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The Unknown Soldier was interred on Armistice Day, 1920

Posted in Anniversary, Historical articles, History, Religion, War, World War 1 on Monday, 29 October 2012

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This edited article about the Unknown Soldier originally appeared in Look and Learn issue number 774 published on 13th November 1975.

Tomb of the Unknown Soldier, picture, image, illustration

The tomb of the Unkown Soldier in Westminster Abbey

After the First World War (1914-18), many countries wanted to express their gratitude to the ordinary men who fought so gallantly in such horrifying conditions.

A British chaplain who had served in Flanders suggested that an unknown soldier be chosen from the many who lay in unmarked graves and buried in Westminster Abbey, as a representative of the multitude who had lost their lives. It was further suggested that the ceremonial burial should take place on the same day as the Cenotaph at Whitehall was formally consecrated – Armistice Day, 11 November, 1920.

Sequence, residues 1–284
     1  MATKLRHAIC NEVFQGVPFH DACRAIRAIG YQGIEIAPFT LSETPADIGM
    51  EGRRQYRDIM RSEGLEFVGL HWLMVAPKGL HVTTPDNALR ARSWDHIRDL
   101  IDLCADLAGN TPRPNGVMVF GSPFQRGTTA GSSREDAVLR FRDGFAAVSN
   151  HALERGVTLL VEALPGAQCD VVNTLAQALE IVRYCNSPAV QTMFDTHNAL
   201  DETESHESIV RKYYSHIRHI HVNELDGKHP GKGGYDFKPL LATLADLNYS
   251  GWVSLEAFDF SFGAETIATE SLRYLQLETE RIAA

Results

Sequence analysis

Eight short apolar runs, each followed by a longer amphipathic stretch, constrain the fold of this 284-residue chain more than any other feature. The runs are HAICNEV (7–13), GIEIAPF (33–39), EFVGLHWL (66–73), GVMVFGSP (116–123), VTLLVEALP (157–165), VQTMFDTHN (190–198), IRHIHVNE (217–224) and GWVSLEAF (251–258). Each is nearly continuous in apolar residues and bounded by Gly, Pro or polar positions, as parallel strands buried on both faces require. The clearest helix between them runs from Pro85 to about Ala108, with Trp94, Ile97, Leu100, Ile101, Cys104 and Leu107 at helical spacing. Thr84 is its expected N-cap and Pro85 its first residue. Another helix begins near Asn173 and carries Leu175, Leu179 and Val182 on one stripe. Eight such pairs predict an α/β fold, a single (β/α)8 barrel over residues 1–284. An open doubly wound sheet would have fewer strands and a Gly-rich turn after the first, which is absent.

Strict precautions were taken to ensure that the chosen soldier should remain anonymous. A number of bodies were brought from different areas, and from these one was secretly chosen. A coffin bearing the body was brought to Boulogne where it was put on board ship for England.

After the ceremony at the Cenotaph, the coffin was borne in procession to the Abbey. King George V headed those who solemnly walked behind it. It was buried in soil brought from France amidst the famous men and women buried in the Abbey.

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